What did I love about killing the chickens? Let me start
with the drive to the farm as darkness
was sinking back into the earth.
The road damp and shining like the snail’s silver
ribbon and the orchard
with its bony branches.
All eighty-eight Cornish
hens huddled in their crates. Wrapping my palms around
their white wings, lowering them into the tapered urn.
Some seemed unwitting as the world narrowed;
some cackled and fluttered; some struggled.
I gathered each one, tucked her bright feet,
drew her head through the kill cone’s sharp collar,
her keratin beak and the rumpled red vascular comb
that once kept her cool as she pecked in her mansion of grass.
I didn’t look into those stone eyes. I didn’t ask forgiveness.
I slid the blade between the feathers
and made quick crescent cuts, severing
the arteries just under the jaw. Blood like liquor
pouring out of the bottle. When I see the nub of heart later,
it’s hard to believe such a small star could flare
like that. I lifted each body, bathing it in heated water
until the scaly membrane of the shanks
sloughed off under my thumb.
And after they were tossed in the large plucking drum
I loved the newly naked birds. Sundering
the heads and feet neatly at the joints, a poor
man’s riches for golden stock. Slitting a fissure
reaching into the chamber,
freeing the organs, the spill of intestines, blue-tinged gizzard,
the small purses of lungs, the royal hearts,
easing the floppy liver, carefully, from the green gall bladder,
its bitter bile. And the fascia unfurling
like a transparent fan. When I tug the esophagus
down through the neck, I love the suck and release
as it lets go.
I’m empty as I rinse each carcass,
and this is what I love most.
It’s like when the refrigerator turns off and you hear
the silence. Even in just this one thing:
looking straight at the terrible,
one-sided accord we make with the living of this world.
At the end, we scoured the tables, hosed the dried blood,
the stain blossoming through the water.
~Ellen Bass from “What Did I Love”
For a number of summers, we spent most of the morning and afternoon of Fourth of July with neighbors at a farm down the road doing that most American of activities: communally butchering chickens.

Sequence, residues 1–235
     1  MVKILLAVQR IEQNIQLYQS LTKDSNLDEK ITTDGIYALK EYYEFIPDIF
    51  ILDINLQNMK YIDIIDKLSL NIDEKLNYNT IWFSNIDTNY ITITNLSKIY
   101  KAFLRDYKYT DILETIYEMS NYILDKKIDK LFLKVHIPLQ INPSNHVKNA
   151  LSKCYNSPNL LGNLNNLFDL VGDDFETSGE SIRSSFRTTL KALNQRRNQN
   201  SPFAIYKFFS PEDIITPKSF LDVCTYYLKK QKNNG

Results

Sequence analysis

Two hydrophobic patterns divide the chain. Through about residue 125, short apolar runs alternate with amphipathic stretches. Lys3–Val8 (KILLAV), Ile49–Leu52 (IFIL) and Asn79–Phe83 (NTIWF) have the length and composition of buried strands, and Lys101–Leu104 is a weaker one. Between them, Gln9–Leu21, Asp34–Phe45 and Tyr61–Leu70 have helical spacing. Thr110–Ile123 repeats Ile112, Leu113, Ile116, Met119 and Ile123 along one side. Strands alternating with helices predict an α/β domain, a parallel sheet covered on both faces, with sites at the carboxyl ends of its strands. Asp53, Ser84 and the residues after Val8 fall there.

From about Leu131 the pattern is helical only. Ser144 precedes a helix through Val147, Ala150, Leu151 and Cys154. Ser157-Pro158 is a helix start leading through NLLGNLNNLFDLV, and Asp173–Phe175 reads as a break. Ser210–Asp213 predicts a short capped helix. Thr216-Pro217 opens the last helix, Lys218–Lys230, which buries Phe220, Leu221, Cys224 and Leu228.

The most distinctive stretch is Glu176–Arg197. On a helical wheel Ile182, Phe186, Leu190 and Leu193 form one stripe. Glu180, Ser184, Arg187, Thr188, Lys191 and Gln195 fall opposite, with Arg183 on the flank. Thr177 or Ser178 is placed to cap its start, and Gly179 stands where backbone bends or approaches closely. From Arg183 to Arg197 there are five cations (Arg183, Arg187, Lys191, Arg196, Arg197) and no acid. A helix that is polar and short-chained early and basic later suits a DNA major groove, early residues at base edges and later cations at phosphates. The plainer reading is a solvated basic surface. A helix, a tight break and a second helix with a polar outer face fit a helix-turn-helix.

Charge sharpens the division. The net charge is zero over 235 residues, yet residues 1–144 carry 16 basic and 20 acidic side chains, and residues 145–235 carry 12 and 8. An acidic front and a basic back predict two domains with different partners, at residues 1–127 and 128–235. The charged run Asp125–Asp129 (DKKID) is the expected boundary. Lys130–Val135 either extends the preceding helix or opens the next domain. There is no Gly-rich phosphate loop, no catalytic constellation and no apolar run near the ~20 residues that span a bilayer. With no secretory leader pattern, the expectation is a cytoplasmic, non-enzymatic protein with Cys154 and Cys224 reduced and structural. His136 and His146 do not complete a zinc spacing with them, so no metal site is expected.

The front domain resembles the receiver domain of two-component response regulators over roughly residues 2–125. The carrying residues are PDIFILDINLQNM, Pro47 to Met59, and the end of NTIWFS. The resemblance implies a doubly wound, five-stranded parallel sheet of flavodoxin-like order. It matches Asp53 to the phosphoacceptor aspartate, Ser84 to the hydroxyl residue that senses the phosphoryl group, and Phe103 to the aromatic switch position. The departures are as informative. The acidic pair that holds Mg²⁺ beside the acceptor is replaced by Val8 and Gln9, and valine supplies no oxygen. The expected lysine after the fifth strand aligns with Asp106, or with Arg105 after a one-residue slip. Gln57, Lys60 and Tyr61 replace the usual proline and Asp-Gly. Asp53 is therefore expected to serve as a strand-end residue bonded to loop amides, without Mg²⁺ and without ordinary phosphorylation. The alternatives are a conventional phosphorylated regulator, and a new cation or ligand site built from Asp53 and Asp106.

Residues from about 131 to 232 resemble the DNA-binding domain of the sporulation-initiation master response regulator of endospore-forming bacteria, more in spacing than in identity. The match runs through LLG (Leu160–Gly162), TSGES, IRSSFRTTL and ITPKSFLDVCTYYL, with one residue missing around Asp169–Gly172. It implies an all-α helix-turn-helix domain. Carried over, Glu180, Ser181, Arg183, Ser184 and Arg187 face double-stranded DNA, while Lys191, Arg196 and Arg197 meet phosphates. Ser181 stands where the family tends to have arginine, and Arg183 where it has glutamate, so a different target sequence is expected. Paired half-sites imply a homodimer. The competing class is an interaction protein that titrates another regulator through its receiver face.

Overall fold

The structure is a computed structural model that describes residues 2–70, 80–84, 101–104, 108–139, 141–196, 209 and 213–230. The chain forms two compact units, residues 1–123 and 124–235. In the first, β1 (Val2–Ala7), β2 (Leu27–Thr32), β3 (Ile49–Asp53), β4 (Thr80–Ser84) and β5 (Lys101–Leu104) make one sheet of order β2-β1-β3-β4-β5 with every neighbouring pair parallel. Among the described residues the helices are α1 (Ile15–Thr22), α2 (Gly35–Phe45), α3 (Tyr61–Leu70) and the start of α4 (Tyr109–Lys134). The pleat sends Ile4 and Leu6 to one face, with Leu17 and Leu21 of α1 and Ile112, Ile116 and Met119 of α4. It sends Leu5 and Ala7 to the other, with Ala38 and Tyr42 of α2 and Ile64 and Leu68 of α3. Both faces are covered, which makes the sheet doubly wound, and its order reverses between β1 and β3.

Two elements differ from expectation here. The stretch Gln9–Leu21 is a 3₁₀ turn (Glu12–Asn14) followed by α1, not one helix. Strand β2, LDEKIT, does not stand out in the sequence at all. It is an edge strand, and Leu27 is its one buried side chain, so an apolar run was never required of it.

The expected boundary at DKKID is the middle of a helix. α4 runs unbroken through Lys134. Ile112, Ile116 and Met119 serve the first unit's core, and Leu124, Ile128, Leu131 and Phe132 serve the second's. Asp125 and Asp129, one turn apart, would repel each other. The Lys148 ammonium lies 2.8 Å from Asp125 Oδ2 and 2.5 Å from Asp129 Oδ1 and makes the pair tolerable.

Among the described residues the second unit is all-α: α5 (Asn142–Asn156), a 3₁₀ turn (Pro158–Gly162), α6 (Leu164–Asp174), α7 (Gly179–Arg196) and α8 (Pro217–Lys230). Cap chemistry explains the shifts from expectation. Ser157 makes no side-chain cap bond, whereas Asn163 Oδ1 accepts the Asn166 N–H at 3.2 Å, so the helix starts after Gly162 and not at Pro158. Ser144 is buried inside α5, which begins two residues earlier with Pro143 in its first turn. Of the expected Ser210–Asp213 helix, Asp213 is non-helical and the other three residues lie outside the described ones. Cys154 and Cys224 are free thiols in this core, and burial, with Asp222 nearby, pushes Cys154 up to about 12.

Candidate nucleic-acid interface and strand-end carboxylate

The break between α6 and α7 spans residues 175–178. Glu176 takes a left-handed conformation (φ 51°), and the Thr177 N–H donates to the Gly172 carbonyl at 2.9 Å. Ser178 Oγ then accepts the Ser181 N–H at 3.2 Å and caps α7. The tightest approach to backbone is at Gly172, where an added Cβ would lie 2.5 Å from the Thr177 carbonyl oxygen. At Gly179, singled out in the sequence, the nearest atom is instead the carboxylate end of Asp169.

There is some risk to writing about killing living creatures. Yet, I also pull carrots, radishes and onions from the ground, dig up potatoes and weed-whack thistles in the field.
It is what farmers do. Shopping at the local farmers’ market or grocery store, we are insulated from this harsh reality, this terrible one-sided accord humans have with the land and growing things.
It is how food ends up sustaining us, supporting the next generation and the next, and these living creatures deserve our blessing of gratitude.
I grew up on a farm where we raised our own meat and my parents, who also grew up knowing the animals that would eventually be on their plate, encouraged us kids to watch and participate in the process so we understood what it meant to sacrifice an animal or a plant for our benefit. We knew that animal from birth, we named them, looked them in the eye, we petted and held them, we fed them, cleaned up after them, and when the time came, we watched them slump to the ground, their hide or feathers stripped and their steaming carcass prepared.
I cannot take this lightly. These creatures, who I respected and cared for, were breathing heart-beating beings just minutes before.
It has been quite a few years since we raised our own meat as a family, since those summers our children growing up also learned this relationship with the food on the table. As a group of neighbors, we would combine our chicken butchering together on Fourth of July so we had an efficient assembly line approach to the process of putting dozens of chickens in the freezer all within a few hours. There were catchers, holders, choppers, boilers, pluckers, gutters, rinsers and baggers. We all took turns doing different aspects of the task. There was an irreverent reverence to the day, a bit more joking and laughing than was warranted when blood is intentionally spilled.
We had to acknowledge the tight intertwine of life and death though none of us could bear to eat chicken for dinner that night. We too bore the stains of the day.